# limit of a sequence

• Aug 28th 2011, 09:44 AM
iva
limit of a sequence
The answer to this is 1/3 but I don't know why. I'm obviously using the wrong technique but i don't know which one I am supposed to use:

Evaluate lim n-> infinity an

$\sqrt{n^2 + n} - \sqrt{n^2 - 1}$

i divide each term by $n^2$ to get:

$\sqrt{1 + n/1} - \sqrt{1-1/n^2} = \sqrt{1 - 0} - \sqrt{1 - 0} = 0$

I know its wrong but i don't know why :(

Thank you
• Aug 28th 2011, 09:49 AM
Plato
Re: limit of a sequence
Quote:

Originally Posted by iva
The answer to this is 1/3 but I don't know why. I'm obviously using the wrong technique but i don't know which one I am supposed to use:

Evaluate lim n-> infinity an

$\sqrt{n^2 + n} - \sqrt{n^2 - 1}$

$\sqrt{n^2 + n} - \sqrt{n^2 - 1}=\frac{n+1}{\sqrt{n^2 + n} + \sqrt{n^2 - 1}}$
• Aug 28th 2011, 10:20 AM
iva
Re: limit of a sequence
Wow thanks i just figured out that identity ( if thats what its called) that i had seen before but have never used. I get that part now.

But now if i divide through by n^2 i get

$(0-0)/1+1 = 0$

which is still wrong..if the answer is 1/3 then should i be dividing through by n rather than n^2? Well i just tried that but then i get

$1/(\sqrt{n+1} + \sqrt{n-1}) = 0$

This doesn't make sense, as i need a 3 in the denominator so i guess one of these terms, i guess the first , should evaluate to 2, and the second to 1. Sorry now i am just taking stabs in the dark
• Aug 28th 2011, 10:33 AM
alexmahone
Re: limit of a sequence
Quote:

Originally Posted by iva
Wow thanks i just figured out that identity ( if thats what its called) that i had seen before but have never used. I get that part now.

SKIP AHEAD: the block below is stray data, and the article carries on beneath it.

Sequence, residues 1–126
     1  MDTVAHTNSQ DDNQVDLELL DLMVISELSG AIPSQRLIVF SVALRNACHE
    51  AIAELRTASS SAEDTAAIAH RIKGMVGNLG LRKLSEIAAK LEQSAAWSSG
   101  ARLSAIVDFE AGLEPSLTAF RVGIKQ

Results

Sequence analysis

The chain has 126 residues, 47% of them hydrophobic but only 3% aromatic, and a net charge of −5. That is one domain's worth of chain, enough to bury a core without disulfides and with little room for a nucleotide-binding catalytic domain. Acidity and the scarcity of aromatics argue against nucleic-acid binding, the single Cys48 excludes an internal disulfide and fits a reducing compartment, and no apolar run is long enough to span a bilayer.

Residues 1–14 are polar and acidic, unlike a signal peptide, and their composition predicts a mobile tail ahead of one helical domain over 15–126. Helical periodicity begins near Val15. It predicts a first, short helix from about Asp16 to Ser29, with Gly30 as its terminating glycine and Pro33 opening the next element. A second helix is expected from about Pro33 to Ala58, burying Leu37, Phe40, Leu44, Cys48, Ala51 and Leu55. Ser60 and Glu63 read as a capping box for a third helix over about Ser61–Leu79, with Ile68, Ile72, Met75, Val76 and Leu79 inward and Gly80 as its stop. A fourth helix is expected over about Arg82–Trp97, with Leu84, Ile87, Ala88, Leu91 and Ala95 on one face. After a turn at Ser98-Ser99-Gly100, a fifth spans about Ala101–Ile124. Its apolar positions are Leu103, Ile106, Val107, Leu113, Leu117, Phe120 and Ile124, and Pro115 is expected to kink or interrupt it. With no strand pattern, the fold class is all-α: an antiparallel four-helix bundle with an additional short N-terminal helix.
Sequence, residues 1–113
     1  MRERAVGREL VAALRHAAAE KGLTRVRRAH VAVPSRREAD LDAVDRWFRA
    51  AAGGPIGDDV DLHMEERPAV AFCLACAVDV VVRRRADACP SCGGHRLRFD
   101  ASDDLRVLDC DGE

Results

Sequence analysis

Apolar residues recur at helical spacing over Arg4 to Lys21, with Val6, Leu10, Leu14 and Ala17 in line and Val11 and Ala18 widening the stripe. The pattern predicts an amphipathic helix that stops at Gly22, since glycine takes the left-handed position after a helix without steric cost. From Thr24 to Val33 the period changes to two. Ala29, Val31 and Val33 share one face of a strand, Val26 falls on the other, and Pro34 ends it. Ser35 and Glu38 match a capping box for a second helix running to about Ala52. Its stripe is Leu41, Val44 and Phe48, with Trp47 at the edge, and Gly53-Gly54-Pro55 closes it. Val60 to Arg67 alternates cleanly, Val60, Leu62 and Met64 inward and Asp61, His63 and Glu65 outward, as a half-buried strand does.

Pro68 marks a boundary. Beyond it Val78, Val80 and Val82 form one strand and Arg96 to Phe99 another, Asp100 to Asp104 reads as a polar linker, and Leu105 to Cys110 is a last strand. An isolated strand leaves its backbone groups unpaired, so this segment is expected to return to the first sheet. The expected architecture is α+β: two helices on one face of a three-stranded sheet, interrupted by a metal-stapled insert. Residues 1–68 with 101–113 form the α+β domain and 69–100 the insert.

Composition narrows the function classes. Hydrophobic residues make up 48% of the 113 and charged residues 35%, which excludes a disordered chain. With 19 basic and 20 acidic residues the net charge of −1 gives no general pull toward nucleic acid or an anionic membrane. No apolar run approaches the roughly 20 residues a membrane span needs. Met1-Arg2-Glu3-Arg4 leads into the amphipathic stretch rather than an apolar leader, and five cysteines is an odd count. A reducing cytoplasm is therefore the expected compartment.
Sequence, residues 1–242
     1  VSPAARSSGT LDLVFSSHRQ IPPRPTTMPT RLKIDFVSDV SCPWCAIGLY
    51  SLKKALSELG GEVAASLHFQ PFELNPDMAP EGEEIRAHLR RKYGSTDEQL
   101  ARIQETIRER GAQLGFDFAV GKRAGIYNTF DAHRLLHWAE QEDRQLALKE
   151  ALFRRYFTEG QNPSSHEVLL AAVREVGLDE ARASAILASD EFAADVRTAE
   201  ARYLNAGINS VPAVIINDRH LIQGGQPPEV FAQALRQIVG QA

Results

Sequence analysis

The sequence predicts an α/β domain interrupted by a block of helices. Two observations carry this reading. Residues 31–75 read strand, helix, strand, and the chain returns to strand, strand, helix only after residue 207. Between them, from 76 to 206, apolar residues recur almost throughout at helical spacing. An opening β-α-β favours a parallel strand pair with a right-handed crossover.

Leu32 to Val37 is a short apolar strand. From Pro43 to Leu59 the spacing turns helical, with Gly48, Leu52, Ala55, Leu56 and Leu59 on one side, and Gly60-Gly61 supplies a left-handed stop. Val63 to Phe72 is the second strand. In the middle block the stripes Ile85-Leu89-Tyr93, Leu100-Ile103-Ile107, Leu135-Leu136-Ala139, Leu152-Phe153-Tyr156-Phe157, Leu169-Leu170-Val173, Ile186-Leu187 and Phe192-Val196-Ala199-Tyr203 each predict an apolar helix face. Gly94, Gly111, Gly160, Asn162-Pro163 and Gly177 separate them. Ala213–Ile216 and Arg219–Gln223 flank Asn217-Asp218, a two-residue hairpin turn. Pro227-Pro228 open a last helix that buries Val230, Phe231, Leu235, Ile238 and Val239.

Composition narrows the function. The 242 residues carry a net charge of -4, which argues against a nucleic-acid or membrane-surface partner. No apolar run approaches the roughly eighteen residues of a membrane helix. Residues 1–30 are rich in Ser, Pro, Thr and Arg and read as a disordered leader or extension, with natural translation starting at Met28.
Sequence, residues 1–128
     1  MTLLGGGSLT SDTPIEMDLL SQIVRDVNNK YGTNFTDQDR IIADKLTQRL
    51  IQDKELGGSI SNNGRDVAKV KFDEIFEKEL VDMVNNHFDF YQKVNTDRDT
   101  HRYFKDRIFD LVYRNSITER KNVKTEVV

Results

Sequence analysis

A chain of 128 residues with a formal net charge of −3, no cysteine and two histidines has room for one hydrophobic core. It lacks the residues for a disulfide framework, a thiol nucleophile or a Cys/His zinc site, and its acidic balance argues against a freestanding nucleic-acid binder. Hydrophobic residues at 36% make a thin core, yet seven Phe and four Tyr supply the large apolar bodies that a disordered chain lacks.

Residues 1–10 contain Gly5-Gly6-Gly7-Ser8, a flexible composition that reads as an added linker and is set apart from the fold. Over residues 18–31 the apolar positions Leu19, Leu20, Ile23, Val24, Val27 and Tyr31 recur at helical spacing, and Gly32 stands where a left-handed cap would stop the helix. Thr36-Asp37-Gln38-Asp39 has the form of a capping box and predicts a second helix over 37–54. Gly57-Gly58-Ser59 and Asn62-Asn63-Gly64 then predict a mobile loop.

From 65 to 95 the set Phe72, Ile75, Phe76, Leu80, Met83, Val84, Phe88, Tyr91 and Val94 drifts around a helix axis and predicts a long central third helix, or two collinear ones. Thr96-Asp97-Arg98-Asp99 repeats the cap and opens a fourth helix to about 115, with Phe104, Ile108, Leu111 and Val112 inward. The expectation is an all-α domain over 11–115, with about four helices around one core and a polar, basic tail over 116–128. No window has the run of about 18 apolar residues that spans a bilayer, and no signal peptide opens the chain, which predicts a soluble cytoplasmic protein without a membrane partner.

But now if i divide through by n^2 i get

$(0-0)/1+1 = 0$

which is still wrong..if the answer is 1/3 then should i be dividing through by n rather than n^2? Well i just tried that but then i get

$1/(\sqrt{n+1} + \sqrt{n-1}) = 0$

This doesn't make sense, as i need a 3 in the denominator so i guess one of these terms, i guess the first , should evaluate to 2, and the second to 1. Sorry now i am just taking stabs in the dark

$\frac{n+1}{\sqrt{n^2 + n} + \sqrt{n^2 - 1}}=\frac{1+1/n}{\sqrt{1+1/n}+\sqrt{1-1/n^2}}$
• Aug 28th 2011, 11:00 AM
iva
Re: limit of a sequence
you divided the numerator by n but the denominator by n^2, i thought we have to divide by the same thing. OK thanks for that equation, so that gives us 1/(1+1) = 1/2 right?
• Aug 28th 2011, 11:02 AM
alexmahone
Re: limit of a sequence
Quote:

Originally Posted by iva
you divided the numerator by n but the denominator by n^2, i thought we have to divide by the same thing. OK thanks for that equation, so that gives us 1/(1+1) = 1/2 right?

Actually, I divided the denominator by $\sqrt{n^2}=n$.

Yes, the limit is 1/2.
• Aug 28th 2011, 11:03 AM
anonimnystefy
Re: limit of a sequence
hi iva

no he divided both by n,but when n goes under the root sign it turns into n^2.
• Aug 28th 2011, 11:04 AM
iva
Re: limit of a sequence
Thanks, i have so much to learn(Worried)
• Aug 28th 2011, 11:26 AM
iva
Re: limit of a sequence
And you guys found an error in my textbook! their answer was 1/3